ST. PETERSBURG — Maurice Wappler did not like politicians. He said so many times, then proved it with a flood of complaints filed over the years for what many considered picayune elections violations.
The infractions he cited ranged from the tiniest details — such as failing to place the word "for" between a candidate's name and office sought — to more serious rule-breaking like over-the-limit campaign contributions.
Incumbents who tried to recycle yard signs, omitting the prefix "Re-" before the word "elect," were sure to hear from the Florida Elections Commission and possibly be fined, thanks to Mr. Wappler.
Some politicians were outraged. Others, including some of his targets, said he was performing a public service. The man feared by many local and county politicians lived alone and ran a street sweeper on the graveyard shift.
Mr. Wappler, dubbed the "Gotcha Guy" for the string of annoyances he visited on officials, died at home March 5, his family said. He was 61.
He took on everyone, from City Council candidates to Gov. Charlie Crist. In 2006 he dinged state Rep. Rick Kriseman, then a candidate, for this wording on a campaign sign: "Political advertisement. Paid for and approved by Rick Kriseman."
State rules mandate that wording, but say nothing about the period after "advertisement."
Candidates often complained of feeling blindsided after they were cited for failing to disclose their political affiliations on campaign signs or to list every donor's occupation on financial reports.
Mr. Wappler tried to show respect for the people whose records he searched so exhaustively. If he found a violation of the rules, he called or emailed to let the candidate know what was coming.
"A couple of times he called me out on some stuff," said St. Petersburg City Council member Wengay Newton. "I'm not above that."
Mr. Wappler scoured public records and monitored campaign literature with an eagle eye. A Republican, he reported members of both parties.
"I'll bust anybody, I don't care," he told the Times five years ago. "When the candidates are running for office and they don't even follow the election laws, why would you vote for them?"
Norm Roche, who wrote a letter to the Times in support of Mr. Wappler's activism two years before winning a seat on the Pinellas County Commission, met Mr. Wappler and "found him to be quite engaging."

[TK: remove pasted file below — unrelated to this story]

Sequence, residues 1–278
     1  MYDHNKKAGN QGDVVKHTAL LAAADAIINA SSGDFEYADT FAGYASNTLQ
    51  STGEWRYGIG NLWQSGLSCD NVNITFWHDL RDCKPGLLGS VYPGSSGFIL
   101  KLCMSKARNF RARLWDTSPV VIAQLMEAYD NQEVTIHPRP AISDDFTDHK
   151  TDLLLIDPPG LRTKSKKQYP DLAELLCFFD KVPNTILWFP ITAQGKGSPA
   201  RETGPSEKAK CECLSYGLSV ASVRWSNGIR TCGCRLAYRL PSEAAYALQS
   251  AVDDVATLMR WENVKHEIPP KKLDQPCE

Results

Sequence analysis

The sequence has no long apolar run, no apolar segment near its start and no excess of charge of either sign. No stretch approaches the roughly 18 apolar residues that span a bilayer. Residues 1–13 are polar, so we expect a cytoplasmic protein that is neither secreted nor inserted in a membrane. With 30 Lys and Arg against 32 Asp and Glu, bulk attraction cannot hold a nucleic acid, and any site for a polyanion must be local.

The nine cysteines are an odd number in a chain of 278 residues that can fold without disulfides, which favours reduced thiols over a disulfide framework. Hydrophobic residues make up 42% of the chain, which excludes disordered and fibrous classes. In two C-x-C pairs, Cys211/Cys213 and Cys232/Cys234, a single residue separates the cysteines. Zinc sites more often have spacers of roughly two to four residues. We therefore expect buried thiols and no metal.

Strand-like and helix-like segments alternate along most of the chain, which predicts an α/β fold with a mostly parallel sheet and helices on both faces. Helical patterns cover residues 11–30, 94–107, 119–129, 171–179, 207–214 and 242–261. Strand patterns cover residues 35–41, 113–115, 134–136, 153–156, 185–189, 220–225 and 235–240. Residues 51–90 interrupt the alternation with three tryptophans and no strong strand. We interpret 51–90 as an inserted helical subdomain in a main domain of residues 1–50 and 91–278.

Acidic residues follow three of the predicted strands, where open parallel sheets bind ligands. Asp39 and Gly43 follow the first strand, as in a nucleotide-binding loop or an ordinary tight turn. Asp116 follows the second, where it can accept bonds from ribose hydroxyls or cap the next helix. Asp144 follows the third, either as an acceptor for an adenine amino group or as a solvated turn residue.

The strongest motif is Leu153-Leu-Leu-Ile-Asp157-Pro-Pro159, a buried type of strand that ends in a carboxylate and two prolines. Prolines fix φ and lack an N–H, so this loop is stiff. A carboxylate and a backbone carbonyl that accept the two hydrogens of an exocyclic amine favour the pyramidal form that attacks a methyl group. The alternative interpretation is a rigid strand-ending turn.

Maurice Henry Wappler was born in 1951 on the Rhode Island peninsula of Quonset Point, near the naval base where his father worked. The family moved to St. Petersburg in the mid 1960s.
He joined the Army but tore up his knee and had to leave, said Babette Wappler, his sister.
He dated but never married. He was on the heavy side but took daily 10-mile walks and was physically strong.
"I've seen him pick up a regular sized washing machine all by himself, pick it up and put it on the back of a pickup truck," said Fred Wappler, his father, 86.
He worked for several county departments over 33 years.
While working as a nursing assistant for the health department, he was passed over for a promotion. "He was hurt by that," his father said.
That's when Mr. Wappler's investigations into politicians picked up, his family said.
Most recently he operated a street sweeper over Pinellas County's main roads, covering 780 curb miles every three weeks.
"He was just so good that he could do better than any contract person we could get," said Dana Land, a field operations supervisor for the Department of Environment and Infrastructure.
He planned to retire at 62. He would relax, maybe travel to see his goddaughters.
Mr. Wappler recently told his sister he was tired. She took him to a clinic, then to the drugstore. He said he was going to unplug his phone and get some rest. His family checked on him a few days later when he did not show up for work. They found him on his couch, unresponsive.
Newton said he plans to read a personal tribute at Mr. Wappler's funeral Thursday, comparing him to other longtime watchdogs such as Theresa "Momma Tee" Lassiter and Emily Rogers Coeyman, who sat in City Council meetings for 45 years before her death in 2008.
"He was very focused, to say the least," Newton said. "Some people didn't like that. But, hey, it's the law."